Today we are proud to announce that our first Shepherd Dog app is now available. It is called Teaching Notebook and you can find it in the App Store for $9.99.
This project has been in the works for a couple years but we didn’t really get started on it until this past February when we started Shepherd Dog.
We think it is an interesting story that we’d love to share with you.
Brandy started taking Metalsmithing classes at the Craft Guild of Dallas a little over two years ago. She’s always wanted to learn how to make jewelry and finally took the step to finding and enrolling in a class. Since then she’s made some really nice pieces of jewelry, mostly driven by her talent, patience, and attention to detail. But a huge factor has also been her instructor, Ed Barker.
Ed has been teaching metalsmithing for over 40 years. He is immensely talented but these days he is most proud of his students. Through his instruction he has been able to inspire the creation of far more beauty in this world than he could have by simply making jewelry on his own.
Not long after starting classes – it couldn’t have been more than a few months in – Brandy told Ed that I make apps. Ed described a problem he had. He said that it would be nice to have a way to keep track of his students’ work because it was difficult to keep track of where each student was from week to week in his head. It would be great if he could take a picture and notes to help him remember. And it would be nice to track attendance too, a welcome improvement over printing off Excel sheets for every class.
Brandy thought I might be up for the idea of creating that app for him and I was. It just took a little time to getting around to doing it.
At its core, Teaching Notebook has a simple concept. It is meant for anyone who teaches in a visual medium – metalsmithing, painting, ceramics, woodworking, anything that has students creating things. It organizes students into classes and breaks classes up into individual meeting times for attendance tracking. It keeps track of a student’s progress for both the teacher’s sake and the student’s. The teacher can provide better instruction by remembering where the student is and what they’ve struggled with in the past. The student can see their progress and how far they’ve come over time in a quick, simple scroll.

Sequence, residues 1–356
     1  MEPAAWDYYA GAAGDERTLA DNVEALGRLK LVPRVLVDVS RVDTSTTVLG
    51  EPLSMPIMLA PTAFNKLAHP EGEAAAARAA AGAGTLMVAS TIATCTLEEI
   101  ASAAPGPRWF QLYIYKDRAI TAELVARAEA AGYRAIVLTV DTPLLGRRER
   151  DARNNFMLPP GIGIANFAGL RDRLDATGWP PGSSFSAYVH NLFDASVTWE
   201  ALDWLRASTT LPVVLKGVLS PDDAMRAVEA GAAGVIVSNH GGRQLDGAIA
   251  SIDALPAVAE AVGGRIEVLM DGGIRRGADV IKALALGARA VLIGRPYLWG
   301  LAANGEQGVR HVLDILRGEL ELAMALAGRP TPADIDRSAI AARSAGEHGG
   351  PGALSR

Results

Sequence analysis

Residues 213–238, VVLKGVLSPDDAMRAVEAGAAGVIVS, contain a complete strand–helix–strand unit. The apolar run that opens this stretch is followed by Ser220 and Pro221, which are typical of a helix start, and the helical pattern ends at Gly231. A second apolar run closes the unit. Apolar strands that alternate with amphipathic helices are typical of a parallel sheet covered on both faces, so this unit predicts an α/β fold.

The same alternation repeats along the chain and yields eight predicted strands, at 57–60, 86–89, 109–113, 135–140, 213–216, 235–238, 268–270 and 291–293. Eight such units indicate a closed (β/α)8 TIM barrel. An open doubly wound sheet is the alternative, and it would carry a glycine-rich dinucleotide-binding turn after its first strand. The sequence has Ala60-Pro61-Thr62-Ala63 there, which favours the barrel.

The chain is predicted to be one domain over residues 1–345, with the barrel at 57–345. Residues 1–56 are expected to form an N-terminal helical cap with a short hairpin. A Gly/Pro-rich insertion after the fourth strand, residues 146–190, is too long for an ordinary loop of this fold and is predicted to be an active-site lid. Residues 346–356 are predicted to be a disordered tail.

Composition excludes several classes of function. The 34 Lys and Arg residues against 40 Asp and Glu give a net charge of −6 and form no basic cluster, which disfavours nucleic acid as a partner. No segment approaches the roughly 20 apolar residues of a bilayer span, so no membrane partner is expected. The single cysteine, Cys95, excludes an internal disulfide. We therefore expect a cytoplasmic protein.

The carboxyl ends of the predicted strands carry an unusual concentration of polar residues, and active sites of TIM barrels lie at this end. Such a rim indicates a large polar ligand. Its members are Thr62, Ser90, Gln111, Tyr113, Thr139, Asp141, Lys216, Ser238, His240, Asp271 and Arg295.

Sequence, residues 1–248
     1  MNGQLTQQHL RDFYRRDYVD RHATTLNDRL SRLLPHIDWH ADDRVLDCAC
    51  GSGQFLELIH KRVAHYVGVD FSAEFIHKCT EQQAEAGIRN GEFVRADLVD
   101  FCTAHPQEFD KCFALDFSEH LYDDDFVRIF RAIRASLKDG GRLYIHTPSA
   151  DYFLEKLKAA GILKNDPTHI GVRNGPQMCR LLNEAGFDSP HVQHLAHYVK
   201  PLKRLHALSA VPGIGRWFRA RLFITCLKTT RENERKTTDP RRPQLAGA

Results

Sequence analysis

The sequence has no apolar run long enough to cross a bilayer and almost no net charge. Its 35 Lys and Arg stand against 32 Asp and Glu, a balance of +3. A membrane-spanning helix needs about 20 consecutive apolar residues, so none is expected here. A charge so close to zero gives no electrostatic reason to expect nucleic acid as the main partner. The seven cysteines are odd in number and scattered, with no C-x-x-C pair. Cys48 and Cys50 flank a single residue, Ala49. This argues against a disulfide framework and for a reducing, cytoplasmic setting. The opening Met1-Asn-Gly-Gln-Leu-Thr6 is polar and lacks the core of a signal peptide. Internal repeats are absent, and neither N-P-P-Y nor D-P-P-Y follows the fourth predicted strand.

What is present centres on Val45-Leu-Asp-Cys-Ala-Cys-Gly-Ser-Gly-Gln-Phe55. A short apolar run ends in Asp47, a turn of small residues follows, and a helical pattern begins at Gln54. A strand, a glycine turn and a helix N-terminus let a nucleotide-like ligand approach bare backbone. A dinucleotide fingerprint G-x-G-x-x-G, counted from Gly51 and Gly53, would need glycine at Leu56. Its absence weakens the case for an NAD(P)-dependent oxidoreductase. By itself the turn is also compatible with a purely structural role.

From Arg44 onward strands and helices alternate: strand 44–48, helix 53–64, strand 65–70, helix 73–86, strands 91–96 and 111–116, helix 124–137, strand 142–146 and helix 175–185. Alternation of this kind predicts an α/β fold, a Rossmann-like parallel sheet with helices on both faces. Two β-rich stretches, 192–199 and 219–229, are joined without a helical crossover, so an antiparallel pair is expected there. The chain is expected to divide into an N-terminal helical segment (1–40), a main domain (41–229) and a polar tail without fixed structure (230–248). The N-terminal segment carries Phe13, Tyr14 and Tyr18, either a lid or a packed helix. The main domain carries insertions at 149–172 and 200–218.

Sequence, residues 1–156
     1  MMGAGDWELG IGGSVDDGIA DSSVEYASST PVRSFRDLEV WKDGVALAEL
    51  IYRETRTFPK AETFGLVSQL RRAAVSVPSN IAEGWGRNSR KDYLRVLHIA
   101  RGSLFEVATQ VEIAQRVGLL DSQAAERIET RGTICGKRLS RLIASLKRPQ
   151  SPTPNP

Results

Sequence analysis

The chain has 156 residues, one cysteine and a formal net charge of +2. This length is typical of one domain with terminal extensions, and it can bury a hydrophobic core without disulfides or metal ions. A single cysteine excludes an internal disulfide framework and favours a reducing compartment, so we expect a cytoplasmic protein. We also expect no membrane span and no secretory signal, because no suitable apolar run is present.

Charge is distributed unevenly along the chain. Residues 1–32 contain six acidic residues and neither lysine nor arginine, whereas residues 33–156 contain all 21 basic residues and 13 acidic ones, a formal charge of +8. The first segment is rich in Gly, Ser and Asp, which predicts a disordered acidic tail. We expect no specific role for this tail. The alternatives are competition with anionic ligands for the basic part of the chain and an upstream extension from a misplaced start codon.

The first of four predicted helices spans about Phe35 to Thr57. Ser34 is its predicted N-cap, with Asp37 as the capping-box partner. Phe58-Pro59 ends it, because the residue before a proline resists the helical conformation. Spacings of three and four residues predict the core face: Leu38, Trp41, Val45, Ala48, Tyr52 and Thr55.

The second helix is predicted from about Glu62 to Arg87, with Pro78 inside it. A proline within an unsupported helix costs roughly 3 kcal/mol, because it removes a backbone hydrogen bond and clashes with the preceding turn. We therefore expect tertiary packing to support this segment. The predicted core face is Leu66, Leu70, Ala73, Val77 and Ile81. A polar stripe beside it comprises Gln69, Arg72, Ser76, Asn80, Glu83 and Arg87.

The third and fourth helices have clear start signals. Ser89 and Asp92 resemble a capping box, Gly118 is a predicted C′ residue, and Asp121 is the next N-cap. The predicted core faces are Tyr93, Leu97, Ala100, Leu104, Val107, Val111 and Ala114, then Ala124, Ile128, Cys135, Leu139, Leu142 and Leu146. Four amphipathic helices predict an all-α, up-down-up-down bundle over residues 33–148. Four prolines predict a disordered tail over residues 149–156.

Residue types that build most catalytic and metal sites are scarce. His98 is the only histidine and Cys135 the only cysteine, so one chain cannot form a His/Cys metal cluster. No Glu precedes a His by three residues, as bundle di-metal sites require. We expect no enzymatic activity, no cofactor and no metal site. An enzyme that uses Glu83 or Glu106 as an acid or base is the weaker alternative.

We made things that were minor irritations in Ed’s former workflow much smoother. He has quick access to his students’ email addresses and phone numbers and can email all the students in a class, in the case of a class being cancelled or some other sort of announcement, with just a few taps.
For tracking attendance, the app sorts classes over the next week into their own group. This lets Ed quickly get to the information for the next class in just a couple taps. He can also easily track when a student has missed a class and needs to make it up.
Brandy did most of the work on the design. You can thank her for those lovely old-school-notebook inspired green hues. She did the icon also, tying in the same theme.
Overall, we’re very proud of what we’ve created and we’re thrilled that we’ve been able to take Ed’s problems and his inkling of an idea of a solution and turn it into an app that he can use every day.
We wrote this app in Swift (and upgraded to Swift 2.0 halfway through) and we’re targeting the two latest version of iOS in iOS 8 and 9. Most of the user interface was built using Storyboards and all the class, student, notes, and attendance information is stored using Core Data.
This app has been a side project for the last 9 months meaning it rarely got full attention and therefore took longer than we wanted it to take. In total we’ve spent 151 hours on it including design, development, and testing.
We have a lot we want to do with this app still. We’re trying to walk the line between releasing too early and holding onto it too long and we think we’ve hit that sweet spot. But having an app in development for 9 months means that a lot can change in the middle of it. For us, our tastes changed and refined as we got better at what we do. Now we see a lot of rough edges that we would have missed just a few months ago and we want to polish those. We also see potential for better calendar integration and sharing of the attendance information with schools.
And of course, if Ed comes across something he knows would make his job easier, we’ll be on it.